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Recipe of the Week: Basic Bread, by P.B.

I have been using this recipe for about 20 years and continue to experiment with different ingredients and techniques. My favorite is still using the basic ingredients, letting it cool overnight, and slicing it for toast the next morning. My neighbors like it also.


May also use the following items (examples):


  1. Dissolve yeast in 1/2 cup of warm water (about 95 degrees F.)[1]
  2. While yeast is prepping, mix dry ingredients with a whisk.
  3. Add yeast/water to the dry ingredients. Use a dough hook (or large spoon) to mix the dough. Also add extra warm water as needed to achieve a “sticky” consistency. (The dough needs the moisture to rise.)
  4. Place dough in a greased bowl, cover and let rise in a warm place until double in size.[3]
  5. Punch down. Place dough into two bread loaf pans that are greased and sprinkled with corn meal or flour.
  6. Cover the bread and let it rise a second time in a warm place until it doubles in size.[3]
  7. Score the top off the loaf with a sharp knife.
  8. Bake in a preheated oven at 375 degrees for about 40 minutes or until light brown on top.[4] Use a toothpick to check if it is done. Finally, if it comes out clean is it ready.
  9. Cool completely on a wire rack before slicing or storing.


[1] The ratio of flour to water changes with the weather as well as the types of flour used. In addition, if you miss the consistency required to make the dough just add a little extra water or flour as needed to the mix.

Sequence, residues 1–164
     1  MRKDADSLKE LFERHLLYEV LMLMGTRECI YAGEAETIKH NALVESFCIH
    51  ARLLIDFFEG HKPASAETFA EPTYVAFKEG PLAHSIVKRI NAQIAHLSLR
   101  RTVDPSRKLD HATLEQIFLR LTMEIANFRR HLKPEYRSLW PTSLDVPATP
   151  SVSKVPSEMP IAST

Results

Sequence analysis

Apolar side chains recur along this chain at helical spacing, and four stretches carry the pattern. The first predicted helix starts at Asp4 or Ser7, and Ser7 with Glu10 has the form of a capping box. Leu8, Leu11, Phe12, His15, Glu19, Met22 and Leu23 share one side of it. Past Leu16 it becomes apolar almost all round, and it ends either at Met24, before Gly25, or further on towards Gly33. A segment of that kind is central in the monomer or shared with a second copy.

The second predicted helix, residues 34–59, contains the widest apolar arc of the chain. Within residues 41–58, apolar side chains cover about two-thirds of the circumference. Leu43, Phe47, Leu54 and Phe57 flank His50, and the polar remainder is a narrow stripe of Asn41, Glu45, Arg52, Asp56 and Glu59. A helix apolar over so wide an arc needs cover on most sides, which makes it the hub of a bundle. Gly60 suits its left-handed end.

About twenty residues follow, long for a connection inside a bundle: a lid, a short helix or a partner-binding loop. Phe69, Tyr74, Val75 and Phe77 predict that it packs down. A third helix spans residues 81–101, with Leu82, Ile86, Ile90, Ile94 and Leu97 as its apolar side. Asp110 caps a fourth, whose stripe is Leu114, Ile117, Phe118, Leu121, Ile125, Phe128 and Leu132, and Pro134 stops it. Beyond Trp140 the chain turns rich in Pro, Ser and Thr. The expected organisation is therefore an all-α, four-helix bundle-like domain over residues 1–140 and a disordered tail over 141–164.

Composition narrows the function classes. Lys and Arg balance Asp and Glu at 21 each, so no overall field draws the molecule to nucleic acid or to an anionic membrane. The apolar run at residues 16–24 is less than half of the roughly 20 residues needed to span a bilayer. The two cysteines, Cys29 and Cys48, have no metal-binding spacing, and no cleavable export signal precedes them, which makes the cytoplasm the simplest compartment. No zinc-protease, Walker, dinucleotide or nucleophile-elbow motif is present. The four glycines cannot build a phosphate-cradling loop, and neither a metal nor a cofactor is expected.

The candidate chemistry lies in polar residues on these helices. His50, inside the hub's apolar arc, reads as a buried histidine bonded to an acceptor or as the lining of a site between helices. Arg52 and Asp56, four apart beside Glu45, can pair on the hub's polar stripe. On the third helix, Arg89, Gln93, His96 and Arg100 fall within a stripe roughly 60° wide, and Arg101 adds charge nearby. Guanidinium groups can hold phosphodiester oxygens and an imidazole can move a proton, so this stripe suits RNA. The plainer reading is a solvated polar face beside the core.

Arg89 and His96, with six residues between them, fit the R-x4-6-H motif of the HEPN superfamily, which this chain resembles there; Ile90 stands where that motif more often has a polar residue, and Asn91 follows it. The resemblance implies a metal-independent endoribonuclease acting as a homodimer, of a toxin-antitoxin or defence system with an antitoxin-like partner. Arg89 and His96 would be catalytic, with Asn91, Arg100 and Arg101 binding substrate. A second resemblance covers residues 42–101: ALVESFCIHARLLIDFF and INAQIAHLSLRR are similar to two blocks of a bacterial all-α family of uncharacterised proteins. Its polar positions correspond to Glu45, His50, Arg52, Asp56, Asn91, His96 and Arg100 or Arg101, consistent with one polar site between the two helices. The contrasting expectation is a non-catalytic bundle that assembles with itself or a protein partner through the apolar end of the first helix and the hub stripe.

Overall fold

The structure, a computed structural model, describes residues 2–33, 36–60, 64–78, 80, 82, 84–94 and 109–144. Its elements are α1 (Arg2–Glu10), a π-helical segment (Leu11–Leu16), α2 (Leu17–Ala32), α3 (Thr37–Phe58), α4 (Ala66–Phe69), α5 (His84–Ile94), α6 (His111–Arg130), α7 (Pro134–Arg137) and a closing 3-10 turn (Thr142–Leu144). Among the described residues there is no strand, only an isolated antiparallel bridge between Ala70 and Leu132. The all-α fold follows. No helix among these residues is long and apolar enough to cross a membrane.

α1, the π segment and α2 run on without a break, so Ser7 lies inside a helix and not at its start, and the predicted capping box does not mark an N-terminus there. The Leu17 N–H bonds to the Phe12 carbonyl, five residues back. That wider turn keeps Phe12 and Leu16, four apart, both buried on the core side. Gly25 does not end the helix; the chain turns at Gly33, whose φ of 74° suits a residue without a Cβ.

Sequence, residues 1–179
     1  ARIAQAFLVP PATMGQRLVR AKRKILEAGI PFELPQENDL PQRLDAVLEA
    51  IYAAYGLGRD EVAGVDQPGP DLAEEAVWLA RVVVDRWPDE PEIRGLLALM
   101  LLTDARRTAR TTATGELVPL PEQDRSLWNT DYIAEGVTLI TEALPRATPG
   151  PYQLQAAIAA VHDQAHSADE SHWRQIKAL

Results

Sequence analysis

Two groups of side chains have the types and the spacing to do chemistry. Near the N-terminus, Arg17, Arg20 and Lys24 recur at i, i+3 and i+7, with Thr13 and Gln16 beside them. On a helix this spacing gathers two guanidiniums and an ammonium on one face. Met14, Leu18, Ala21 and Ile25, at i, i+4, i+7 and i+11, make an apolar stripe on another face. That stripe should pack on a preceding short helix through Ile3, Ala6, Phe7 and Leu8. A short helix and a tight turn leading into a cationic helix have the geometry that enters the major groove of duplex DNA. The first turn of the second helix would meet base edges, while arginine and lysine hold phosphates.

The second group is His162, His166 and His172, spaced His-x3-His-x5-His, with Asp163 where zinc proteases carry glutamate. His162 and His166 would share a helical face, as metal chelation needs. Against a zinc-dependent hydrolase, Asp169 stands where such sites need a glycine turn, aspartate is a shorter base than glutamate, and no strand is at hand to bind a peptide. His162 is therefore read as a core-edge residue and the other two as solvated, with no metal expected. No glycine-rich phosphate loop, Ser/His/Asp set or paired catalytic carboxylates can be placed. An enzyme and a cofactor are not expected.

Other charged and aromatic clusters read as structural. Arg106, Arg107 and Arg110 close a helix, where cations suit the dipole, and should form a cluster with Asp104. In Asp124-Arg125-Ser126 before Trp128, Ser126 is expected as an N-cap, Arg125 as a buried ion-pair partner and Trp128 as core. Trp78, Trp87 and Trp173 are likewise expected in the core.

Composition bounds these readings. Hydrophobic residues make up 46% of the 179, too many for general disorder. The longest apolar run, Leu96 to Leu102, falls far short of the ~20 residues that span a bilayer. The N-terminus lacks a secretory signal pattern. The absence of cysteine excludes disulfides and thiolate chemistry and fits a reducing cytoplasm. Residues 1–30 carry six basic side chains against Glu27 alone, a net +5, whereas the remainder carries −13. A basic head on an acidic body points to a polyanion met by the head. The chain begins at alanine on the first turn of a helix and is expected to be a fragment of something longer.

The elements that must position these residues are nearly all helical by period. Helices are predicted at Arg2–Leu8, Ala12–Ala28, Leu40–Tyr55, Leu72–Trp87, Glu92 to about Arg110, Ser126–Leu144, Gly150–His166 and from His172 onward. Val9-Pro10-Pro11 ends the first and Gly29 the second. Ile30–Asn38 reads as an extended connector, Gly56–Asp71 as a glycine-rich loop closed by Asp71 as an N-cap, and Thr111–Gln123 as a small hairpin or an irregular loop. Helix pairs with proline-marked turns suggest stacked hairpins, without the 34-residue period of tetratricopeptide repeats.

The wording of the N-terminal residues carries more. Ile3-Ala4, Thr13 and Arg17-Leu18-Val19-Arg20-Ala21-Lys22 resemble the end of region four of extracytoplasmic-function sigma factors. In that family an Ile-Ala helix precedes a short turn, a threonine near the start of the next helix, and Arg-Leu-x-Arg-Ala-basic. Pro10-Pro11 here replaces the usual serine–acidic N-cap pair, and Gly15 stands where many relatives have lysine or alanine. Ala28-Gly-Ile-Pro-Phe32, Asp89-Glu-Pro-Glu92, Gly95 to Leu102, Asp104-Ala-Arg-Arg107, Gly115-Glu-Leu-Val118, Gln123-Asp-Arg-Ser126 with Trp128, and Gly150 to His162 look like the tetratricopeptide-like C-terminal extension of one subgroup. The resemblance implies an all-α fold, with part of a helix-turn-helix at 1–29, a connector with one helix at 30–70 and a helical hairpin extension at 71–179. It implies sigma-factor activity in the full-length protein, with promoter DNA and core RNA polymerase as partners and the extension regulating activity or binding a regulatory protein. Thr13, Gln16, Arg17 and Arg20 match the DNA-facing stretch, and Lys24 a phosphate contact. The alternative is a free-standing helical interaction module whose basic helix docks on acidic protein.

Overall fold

[2] Tap water may have too much chlorine in it, so you might use distilled water to avoid killing the yeast.

[3] It also helps to cover and put in an enclosed space with a bowl of hot water to help with the rising. I use the stove before heating.

[4] If using glass baking pans, lower the oven temperature 25 degrees.

Other Notes:

Finally, if making cinnamon rolls/bread – After first rising, flatten the mix into a rectangle on a floured counter, dust with cinnamon and sugar, roll up and cut in half for the bread pans and the second rising.

o o o

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#1 Comment By CDR Sam On May 8, 2017 @ 1:47 pm

Great tip about using non-chlorinated water to prevent killing the yeast. Never thought about that.

#2 Comment By Anonymous On May 8, 2017 @ 2:54 pm

Chlorine is one of the reasons we no longer use city water. We originally put in a well to water the garden because we couldn’t afford to buy the water from the city. Then I found out how much better the garden did and a little research revealed chlorine as the cause. the only reason cities do that is as an anti-bacterial/anti-ick measure because water sits in their pipes for extended periods of time.